The Legislature, he argues, in establishing the immunity hearing, has taken from the courts power invested in them since the state's 1968 constitution was written.

"The Legislature did not prove an overpowering public necessity for what it did, which the constitution requires," he said. "I think there's an argument to be made in a civil setting that this immunity should be rendered unconstitutional."
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Re: The Zimmerman verdict

Postby Van Canna » Wed Jul 17, 2013 3:54 am

For now, all eyes remain on Florida, where stand your ground is still standing, but where we may get a glimpse of how such laws there, and nationally, hold up under intensifying scrutiny — legal and otherwise.
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Re: The Zimmerman verdict

Postby Bill Glasheen » Wed Jul 17, 2013 3:58 am

Seems to me there are some facts that need to be addressed.

There is no evidence that Zimmerman drew his firearm on Martin before Martin attacked him. A number of witnesses reported the sequence of events from their viewpoint.

Per Zimmerman's testimony, Martin also tried to reach for his gun. But of course by the time you are on top of a man, have broken his nose, and have shoved his head into the concrete, I'm thinking that's just insult to injury.

And finally... no charges were going to be filed until federal officials put pressure on the prosecutors. Now all the news outlets are talking about the DOJ contemplating filing federal charges. At the end of the day, this is political. Zimmerman is arguably victim of a ploy to win votes for the party in power. They probably don't even care if they win. As long as the race baiting keeps on, Florida gun laws are put on trial and a minority group's passions are whipped up into a fury.

I don't care if the minority group is purple Martians; the whole thing is unseemly. And again... I think Zimmerman needs to get a lawyer and start by suing NBC for damages. An 9-figure lawsuit should get their attention. Fight fire with fire.

- Bill
Last edited by Bill Glasheen on Wed Jul 17, 2013 4:03 am, edited 3 times in total.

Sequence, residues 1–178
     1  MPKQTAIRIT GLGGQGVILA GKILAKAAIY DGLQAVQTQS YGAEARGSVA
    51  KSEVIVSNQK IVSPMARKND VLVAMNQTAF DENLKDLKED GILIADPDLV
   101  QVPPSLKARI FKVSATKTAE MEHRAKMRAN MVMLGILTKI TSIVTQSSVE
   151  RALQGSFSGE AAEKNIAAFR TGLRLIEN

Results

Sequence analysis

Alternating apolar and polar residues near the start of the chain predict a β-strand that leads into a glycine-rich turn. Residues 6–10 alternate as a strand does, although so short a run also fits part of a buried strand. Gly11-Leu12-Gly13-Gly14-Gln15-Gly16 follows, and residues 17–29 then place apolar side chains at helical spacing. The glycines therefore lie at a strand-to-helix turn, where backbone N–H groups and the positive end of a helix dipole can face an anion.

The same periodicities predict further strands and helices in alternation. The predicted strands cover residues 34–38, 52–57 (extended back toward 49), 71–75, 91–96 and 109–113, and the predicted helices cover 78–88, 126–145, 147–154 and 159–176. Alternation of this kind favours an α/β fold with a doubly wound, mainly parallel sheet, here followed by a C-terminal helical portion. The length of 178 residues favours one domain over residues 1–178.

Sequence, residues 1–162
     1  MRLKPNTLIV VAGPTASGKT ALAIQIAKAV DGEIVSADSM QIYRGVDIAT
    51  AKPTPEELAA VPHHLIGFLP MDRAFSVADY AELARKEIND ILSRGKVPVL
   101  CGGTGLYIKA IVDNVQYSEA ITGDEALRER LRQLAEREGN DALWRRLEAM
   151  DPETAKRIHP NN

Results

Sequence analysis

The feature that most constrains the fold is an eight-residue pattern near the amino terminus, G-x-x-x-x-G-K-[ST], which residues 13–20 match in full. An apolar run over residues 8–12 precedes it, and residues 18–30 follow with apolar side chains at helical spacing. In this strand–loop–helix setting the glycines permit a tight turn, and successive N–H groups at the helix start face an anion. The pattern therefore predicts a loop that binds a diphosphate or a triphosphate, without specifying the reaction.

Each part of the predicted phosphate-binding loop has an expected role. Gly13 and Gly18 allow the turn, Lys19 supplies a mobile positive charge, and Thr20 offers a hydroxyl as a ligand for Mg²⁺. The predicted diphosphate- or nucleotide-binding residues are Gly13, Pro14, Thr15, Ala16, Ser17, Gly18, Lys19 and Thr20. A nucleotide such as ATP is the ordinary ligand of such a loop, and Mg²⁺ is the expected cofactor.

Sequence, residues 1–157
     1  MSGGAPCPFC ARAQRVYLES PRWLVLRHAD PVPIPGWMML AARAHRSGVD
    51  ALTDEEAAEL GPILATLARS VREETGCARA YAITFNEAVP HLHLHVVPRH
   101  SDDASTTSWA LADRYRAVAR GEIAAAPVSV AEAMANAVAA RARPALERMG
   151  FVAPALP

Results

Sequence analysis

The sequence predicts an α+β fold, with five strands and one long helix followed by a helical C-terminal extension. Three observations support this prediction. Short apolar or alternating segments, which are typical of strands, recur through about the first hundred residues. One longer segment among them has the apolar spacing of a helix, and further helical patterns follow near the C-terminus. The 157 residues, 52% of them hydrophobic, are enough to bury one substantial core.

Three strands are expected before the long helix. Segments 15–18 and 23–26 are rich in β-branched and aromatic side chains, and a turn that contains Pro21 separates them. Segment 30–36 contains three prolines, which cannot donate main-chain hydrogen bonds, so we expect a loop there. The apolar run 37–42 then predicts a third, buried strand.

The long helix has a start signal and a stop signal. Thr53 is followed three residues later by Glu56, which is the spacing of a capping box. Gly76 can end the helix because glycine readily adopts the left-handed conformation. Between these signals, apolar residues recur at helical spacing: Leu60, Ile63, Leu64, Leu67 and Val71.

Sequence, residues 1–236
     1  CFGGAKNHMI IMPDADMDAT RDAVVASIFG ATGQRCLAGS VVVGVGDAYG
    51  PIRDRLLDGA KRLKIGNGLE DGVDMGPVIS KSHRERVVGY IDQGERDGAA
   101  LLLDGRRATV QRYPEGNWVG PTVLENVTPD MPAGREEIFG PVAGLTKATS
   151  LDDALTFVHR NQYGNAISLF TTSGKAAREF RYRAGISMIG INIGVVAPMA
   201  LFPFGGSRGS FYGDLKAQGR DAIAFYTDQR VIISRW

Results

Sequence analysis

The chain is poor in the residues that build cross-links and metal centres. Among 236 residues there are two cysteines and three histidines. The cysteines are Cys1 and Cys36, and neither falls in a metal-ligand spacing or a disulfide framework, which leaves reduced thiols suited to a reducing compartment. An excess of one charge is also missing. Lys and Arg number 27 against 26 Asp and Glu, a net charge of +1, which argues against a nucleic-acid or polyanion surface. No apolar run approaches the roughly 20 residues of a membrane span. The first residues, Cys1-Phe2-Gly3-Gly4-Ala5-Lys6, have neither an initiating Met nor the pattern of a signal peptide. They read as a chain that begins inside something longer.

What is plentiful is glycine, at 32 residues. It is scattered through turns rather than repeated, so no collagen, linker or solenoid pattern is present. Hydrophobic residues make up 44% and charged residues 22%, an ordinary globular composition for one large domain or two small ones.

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Re: The Zimmerman verdict

Postby Van Canna » Wed Jul 17, 2013 4:01 am

George Zimmerman's legal team didn't ultimately use a defense based on Florida's controversial Stand Your Ground law, but Zimmerman's killing of unarmed teen Trayvon Martin brought the controversial statute to the forefront of national news.

Though Florida already has laws on the books for cases of self-defense, Stand Your Ground went further to remove a person's duty to retreat from an assailant and reaffirmed the use of deadly force in any place the person has a right to be. It was the first law to extend the right to self-defense to firing weapons in public places, according to Mother Jones.



http://www.huffingtonpost.com/2013/07/1 ... 00017.html
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Re: The Zimmerman verdict

Postby Van Canna » Wed Jul 17, 2013 4:02 am

Good post, Bill. What a can of worms 8O
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Re: The Zimmerman verdict

Postby jorvik » Wed Jul 17, 2013 1:34 pm

Do you think that Obama may have spoken out about this to distract people away from Snowden?. There have been rumours on the net that Snowden has stuff that could bring down the US Government. It is unusual that the US should bring down and search the President of Venezuelas plane for Snowden, risking public outcry especially in south America, an international incident by all accounts, they must want him bad.........because all this stuff that he has said has been known of at least a year in the public domain.
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Re: The Zimmerman verdict

Postby Van Canna » Wed Jul 17, 2013 1:55 pm

“Are you following him?” the dispatcher asked Zimmerman, after telling him that police were on the way.

“Yeah,” Zimmerman responded.



“OK, we don’t need you to do that,” the dispatcher said.



we don’t need you to do that

What does this mean in the English language?
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Re: The Zimmerman verdict

Postby Van Canna » Wed Jul 17, 2013 1:57 pm

“He went above and beyond what he really should have done,” the juror said Monday. “. . . I think he’s guilty of not using good judgment. When he was in the car and he called 911, he shouldn’t have gotten out of that car.”
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Re: The Zimmerman verdict

Postby Van Canna » Wed Jul 17, 2013 2:06 pm

The Florida law concerning guns gave him cover to shoot the suspicious person if he felt threatened. The situation did not need to happen. Zimmerman could have made different decisions, but, misled by what the laws allow him to do with a gun, he killed someone.

There are too many easily available guns, and they cannot always protect and solve problems. They often cause more disastrous problems, which the Martin family has experienced by loss and the Zimmerman family will continue to suffer, as this will always hang over his head.


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Re: The Zimmerman verdict

Postby Van Canna » Wed Jul 17, 2013 2:08 pm

I don’t blame the justice system in the outcome of the Trayvon Martin case. I look to the Second Amendment as the fundamental problem when addressing this tragic loss of life.

The logic as to why it is in the best interest of all of us to allow a person to walk around with a loaded gun in the middle of the night truly escapes me.